Scene of Events, the title of the new group exhibition at the Herzliya Museum of Contemporary Art, should warn visitors that this is no ordinary event. Curated by Dr. Aya Lurie, the museum’s director and chief curator, the show features nine solo exhibitions by artists Oded Balilty, Haimi Fenichel, Avraham Hay, Gaston Zvi Ickowicz, Sharon Poliakine, Eldad Rafaeli, Hadar Saifan, Micha Ullman and Nurit Yarden.
According to Lurie, these nine artists combine photography and sculptural installations in various ways to deliver examples of the scene of events to our consciousness – not as a current news report, but as thoughtful representations, whose impact is the product of the artists’ extended observation, prolonged stay, and actions at the site in question.
An example of this can be seen in photographer Avraham Hay’s New Wing, 1997–1999, in which Hay took pictures regularly throughout the two-year construction of the Herzliya Museum of Contemporary Art’s new wing. It is through this process that Hay’s documentation offers a time capsule which combines the appearance of a construction site with the image of ruins.
“I took the words ‘scene of events,’ because we hear it constantly – all the time things are happening here, whether it’s terror attacks, wars, fire balloons. So everything is so intense and hectic all the time,” says Lurie. “Yet again, we are in a very ancient place, talking about thousands of years of history, and everything is so complicated. And these artists are ones who take their time, unlike the hectic sense of time in the news, each and every one of them, for three or four years, are going around the place looking very slowly and deeply and discovering the complexity in these focuses. So in a way it’s a mirror, but a different kind of mirror to our place, and they are able to discover things that are hidden underneath.”
The nine exhibitions that make up Scene of Events share common themes and materials, but can also be viewed as independent works.
“All the exhibitions are centered on certain emotionally charged aspects encapsulated by sights of where we live. Besides images of burned fields, urban spaces, and landscapes, the exhibits present images of buildings, construction sites, ruins, piles of sand, stones, iron rods, assorted objects, concrete castings, building plans, and bomb-shelter plans,” says Lurie.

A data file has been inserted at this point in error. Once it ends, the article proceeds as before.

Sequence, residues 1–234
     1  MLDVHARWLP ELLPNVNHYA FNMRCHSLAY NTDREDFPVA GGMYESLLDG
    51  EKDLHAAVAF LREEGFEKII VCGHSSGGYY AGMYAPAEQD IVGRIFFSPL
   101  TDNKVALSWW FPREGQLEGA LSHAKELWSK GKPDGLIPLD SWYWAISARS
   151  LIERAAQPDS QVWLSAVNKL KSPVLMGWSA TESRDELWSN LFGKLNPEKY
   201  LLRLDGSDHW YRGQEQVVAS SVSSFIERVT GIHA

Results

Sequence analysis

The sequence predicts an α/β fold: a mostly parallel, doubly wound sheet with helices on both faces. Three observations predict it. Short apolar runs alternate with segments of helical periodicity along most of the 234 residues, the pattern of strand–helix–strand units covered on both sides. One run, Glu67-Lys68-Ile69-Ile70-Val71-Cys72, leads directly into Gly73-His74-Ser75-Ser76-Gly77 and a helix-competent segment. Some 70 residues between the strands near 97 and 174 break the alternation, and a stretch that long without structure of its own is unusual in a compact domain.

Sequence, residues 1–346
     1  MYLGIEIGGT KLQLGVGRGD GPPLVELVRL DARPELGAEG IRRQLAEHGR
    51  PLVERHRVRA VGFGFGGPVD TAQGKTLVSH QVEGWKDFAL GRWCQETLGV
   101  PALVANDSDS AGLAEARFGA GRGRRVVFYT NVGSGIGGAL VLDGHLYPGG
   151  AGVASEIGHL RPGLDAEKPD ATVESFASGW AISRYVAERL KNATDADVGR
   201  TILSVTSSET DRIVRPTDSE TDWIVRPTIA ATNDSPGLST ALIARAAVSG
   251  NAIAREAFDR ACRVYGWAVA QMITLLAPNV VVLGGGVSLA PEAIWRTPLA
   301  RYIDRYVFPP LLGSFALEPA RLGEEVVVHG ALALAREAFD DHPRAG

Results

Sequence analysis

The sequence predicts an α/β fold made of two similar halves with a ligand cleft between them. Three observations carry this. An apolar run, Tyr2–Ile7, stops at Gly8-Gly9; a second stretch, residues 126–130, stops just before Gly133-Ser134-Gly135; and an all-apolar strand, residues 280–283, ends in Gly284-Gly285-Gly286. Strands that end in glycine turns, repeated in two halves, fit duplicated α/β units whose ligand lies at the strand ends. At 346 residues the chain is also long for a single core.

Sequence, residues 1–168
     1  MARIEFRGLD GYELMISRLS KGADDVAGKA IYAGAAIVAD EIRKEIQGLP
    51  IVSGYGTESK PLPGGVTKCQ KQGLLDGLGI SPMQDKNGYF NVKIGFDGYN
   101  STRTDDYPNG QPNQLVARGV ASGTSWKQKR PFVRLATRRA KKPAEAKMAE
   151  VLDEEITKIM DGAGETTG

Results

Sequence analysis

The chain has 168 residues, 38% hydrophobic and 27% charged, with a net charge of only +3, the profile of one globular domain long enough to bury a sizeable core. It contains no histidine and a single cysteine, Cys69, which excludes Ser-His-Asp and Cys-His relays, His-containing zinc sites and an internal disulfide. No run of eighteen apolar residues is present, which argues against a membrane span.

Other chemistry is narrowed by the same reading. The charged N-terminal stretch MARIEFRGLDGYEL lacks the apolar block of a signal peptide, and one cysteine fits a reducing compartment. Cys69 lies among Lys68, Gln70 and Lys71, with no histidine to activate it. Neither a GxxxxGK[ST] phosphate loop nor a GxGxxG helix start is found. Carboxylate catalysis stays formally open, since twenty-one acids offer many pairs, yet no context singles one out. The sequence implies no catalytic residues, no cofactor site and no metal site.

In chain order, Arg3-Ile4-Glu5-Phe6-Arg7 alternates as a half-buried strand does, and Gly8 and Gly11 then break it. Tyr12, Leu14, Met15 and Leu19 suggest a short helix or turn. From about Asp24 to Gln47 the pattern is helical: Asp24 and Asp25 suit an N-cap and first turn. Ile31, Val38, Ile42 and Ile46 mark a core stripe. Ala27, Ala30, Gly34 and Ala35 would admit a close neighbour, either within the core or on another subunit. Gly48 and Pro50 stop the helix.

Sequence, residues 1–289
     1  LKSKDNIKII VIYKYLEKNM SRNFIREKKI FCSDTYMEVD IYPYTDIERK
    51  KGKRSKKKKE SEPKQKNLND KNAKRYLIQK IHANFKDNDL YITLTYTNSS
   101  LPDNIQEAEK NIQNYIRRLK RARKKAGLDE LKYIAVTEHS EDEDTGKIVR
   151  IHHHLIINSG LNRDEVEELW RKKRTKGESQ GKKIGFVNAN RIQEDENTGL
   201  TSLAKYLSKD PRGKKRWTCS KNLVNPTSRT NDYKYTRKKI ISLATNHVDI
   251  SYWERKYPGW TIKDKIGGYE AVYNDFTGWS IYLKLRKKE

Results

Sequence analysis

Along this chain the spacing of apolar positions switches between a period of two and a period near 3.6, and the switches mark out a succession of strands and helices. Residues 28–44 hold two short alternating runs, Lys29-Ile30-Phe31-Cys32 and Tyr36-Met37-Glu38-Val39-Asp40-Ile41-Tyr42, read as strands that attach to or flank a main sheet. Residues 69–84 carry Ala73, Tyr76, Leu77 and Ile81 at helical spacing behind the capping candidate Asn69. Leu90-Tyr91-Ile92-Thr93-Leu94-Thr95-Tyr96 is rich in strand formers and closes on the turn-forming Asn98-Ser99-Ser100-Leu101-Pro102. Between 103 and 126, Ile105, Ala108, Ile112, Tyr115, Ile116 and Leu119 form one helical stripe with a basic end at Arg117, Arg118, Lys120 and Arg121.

IN THE part of the exhibit entitled Mound, sculptor Haimi Fenichel produces a space that resembles a building site, with an overwhelming sense of impending ruin. Fenichel plays with materials, swapping them around to create new combinations of image and substance, to produce hybrids that are at once familiar and alien.
“It’s about time and what it is made out of, and what it makes to an object which is always an allegory to humankind,” says Fenichel.
He draws on two types of sites, each steeped in Zionist-Israeli symbolism: a construction site, and an archeological dig. In the case of Fenichel’s work, a single material links these two sites together: hardened sand, which he uses both as a fundamental constituent in construction and as an image of an archeological mound in the landscape.
In Nurit Yarden’s area of the show, her project, Homeland, examines the penetration of visual, social, and political signs into society.
“I am always interested in investigating the Israeli public sphere and the people who live in Israel, and it is always with an ironic eye,” says Yarden.
To Yarden, the idea of the homeland is found in the small details; a pickled cucumber and a bitten slice of bread in a worker’s meal on Shvil Hameretz Street; a Messiah sign fixed onto a car at the end of Allenby Street; a stall selling large cauliflowers that are cut with a sharp ax at Kalandia Checkpoint.
“I wander around for something that interests me. I am trying to talk about what is happening, but in another way. I am trying to find a way to invoke speaking about things we don’t want to see in a way that people will want,” she says.
For Yarden, it is elemental that the titles of each of her works are printed in English, Hebrew and Arabic, because she wants everyone to be included in her exhibition. “This is a very important part of my work, for this work is based on wandering about – where you go on foot, but without purpose. I read an article that people in the 21st century do not wander around anymore. They go from place to place, always with a purpose. So 10 years ago, I decided my work would be based on walking around, so I do it in Tel Aviv and other parts of Israel.”‘Scene of Events’ with run through April 27. For more information, go to herzliyamuseum.co.il.
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